According to a federal lawsuit filed by a Muslim chaplain, Edrees Bridges, he was unable to apply for a job as a prison chaplain in Prince George’s County, Maryland because the application required him to profess a belief in Jesus Christ. Bridges rightly says that’s illegal.
The problem stems from the fact that the county has a contract with Prison Ministry of America to fill all their chaplaincy needs. But PMA is an explicitly Christian organization, which explains the Statement of Faith all applicants need to sign.
It also asks applicants to affirm that they “believe in one God, Creator and Lord of the Universe,” that “Jesus Christ, God’s Son, was conceived by the Holy Spirit” and that “the Bible is God’s authoritative and inspired Word.”
Despite that, PMA’s leader says there’s no issue at all.
Prison Ministry of America Executive Director Mark Maciel said non-Christians aren’t disqualified from applying. The nonprofit already has Muslims who work as chaplains under its umbrella, he added.
“We don’t exclude anybody,” Maciel said.
Notice that he doesn’t fill in the gap he created. If non-Christians can apply, what are they supposed to do with the Statement of Faith? Where does it say that part is optional? How many potential non-Christian chaplains see that page in the application and just walk away? (And isn’t that the problem right there? Is that the goal?)
The issue isn’t the prison ministry. It’s the fact that the county is working with them. Why?! It’s one of those things that would never be tolerated if the county partnered with a non-Christian organization. You can bet there would be an outcry if the county had a contract with a Muslim chaplain group that insisted Christians could work for them… as long as they overlook the part of the application where they have to pledge allegiance to Islam.
Bridges’ lawyers at the Council on American-Islamic Relations say this is unacceptable, which is why they’re suing the county as well as the ministry:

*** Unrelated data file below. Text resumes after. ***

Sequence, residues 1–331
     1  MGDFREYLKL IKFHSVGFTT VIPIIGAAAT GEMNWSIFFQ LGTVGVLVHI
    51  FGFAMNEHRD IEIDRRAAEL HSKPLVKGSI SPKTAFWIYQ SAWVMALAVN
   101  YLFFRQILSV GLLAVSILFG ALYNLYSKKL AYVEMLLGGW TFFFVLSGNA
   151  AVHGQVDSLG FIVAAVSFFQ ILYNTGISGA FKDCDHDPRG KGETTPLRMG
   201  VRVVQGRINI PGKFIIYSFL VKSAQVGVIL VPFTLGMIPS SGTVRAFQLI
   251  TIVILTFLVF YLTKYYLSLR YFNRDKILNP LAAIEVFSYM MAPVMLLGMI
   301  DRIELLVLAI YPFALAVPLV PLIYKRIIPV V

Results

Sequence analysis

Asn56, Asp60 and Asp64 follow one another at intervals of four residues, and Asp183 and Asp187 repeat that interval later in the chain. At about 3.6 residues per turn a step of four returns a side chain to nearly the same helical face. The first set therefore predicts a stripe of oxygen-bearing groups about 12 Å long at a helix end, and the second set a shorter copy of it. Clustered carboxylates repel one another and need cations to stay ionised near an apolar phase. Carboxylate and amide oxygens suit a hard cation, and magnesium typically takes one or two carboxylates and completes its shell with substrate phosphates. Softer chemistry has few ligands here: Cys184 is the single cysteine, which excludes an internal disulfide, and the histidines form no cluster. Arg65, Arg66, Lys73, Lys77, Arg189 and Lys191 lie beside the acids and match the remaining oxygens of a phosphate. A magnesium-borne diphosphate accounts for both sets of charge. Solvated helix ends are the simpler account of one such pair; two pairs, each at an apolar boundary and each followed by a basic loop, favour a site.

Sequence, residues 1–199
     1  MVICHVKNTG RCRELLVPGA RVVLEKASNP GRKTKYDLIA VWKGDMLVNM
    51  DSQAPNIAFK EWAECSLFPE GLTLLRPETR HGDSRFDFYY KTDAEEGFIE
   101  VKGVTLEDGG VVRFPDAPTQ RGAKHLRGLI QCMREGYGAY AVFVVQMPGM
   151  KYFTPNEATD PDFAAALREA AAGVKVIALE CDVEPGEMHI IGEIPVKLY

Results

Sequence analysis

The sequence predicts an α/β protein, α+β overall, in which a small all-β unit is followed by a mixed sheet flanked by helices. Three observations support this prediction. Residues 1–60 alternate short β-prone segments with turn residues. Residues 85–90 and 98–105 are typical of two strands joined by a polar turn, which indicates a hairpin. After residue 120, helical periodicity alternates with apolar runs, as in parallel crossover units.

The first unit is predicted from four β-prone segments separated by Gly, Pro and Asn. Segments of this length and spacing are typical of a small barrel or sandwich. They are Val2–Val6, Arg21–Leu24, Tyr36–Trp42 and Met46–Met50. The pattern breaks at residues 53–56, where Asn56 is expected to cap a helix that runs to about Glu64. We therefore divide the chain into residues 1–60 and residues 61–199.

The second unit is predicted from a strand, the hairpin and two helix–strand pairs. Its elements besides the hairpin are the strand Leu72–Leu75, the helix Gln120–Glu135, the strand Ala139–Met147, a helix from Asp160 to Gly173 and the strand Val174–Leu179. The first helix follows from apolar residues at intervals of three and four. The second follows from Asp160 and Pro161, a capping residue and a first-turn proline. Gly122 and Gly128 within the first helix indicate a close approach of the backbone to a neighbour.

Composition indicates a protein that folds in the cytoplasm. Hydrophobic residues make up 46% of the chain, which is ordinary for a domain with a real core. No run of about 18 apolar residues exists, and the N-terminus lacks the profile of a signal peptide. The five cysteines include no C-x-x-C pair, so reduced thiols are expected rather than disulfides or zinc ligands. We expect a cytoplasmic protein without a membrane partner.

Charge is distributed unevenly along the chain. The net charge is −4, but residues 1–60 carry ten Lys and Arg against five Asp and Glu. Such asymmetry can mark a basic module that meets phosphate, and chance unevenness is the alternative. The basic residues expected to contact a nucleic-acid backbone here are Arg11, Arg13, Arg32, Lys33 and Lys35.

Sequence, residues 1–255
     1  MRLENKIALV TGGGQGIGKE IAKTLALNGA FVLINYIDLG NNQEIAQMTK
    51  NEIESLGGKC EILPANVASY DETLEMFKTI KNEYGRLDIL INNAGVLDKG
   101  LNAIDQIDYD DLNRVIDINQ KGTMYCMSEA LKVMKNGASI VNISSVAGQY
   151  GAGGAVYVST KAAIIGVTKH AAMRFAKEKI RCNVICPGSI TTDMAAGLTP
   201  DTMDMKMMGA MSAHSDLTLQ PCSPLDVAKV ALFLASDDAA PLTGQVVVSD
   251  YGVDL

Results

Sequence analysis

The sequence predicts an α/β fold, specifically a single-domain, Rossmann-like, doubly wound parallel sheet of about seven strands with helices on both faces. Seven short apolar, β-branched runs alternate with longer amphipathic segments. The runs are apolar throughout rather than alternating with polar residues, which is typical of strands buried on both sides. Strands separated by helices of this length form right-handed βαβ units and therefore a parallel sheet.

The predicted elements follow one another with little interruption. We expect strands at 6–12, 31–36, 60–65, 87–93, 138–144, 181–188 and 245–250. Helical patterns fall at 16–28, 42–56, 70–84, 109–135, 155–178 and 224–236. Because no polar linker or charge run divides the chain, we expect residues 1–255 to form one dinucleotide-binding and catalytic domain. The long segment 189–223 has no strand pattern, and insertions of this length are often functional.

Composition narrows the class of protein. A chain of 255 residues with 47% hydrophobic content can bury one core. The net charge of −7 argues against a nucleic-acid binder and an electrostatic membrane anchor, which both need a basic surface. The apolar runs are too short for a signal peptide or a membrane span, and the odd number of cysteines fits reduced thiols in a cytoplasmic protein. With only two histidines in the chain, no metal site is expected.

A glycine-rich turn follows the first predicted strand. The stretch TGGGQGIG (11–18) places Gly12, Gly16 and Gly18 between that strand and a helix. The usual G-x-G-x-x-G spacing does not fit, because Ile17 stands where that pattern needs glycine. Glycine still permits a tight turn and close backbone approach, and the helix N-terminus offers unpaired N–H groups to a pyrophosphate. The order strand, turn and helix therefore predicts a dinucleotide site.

“Edrees Bridges has served dutifully as a volunteer chaplain at the Prince George’s County jail. He is highly educated, deeply experienced, and perfectly suited for the job,” added Mirriam Seddiq of Seddiq Law. “To require Christian faith of a chaplain, which is by its very definition a role not limited to a particular religion, is to engage in discrimination based on religion. Edrees, inshallah, will hopefully be Prince George’s County Jail’s chaplain.”
“Incarcerated Muslims are among the nation’s most neglected groups, and CAIR’s commitment to protecting constitutional rights extends to this community,” said CAIR’s Maryland Director Zainab Chaudry. “Approximately a quarter of the individuals detained at this facility identify as Muslim, and religious litmus tests should never be a prerequisite for chaplains who seek to meet their needs.”
For his part, even if he’s allowed to apply, Bridges now says he may not. (Why work for a place that clearly doesn’t want you there?) His hesitancy is understandable.
Still, CAIR is asking a judge to declare the Statement of Faith illegal for these county positions along with requesting monetary damages. Hard to see what the other side is here. If all qualified chaplains can apply, there’s absolutely no need to profess your Christianity as part of the hiring process.
(Thanks to Izra’il for the link. Image via Shutterstock)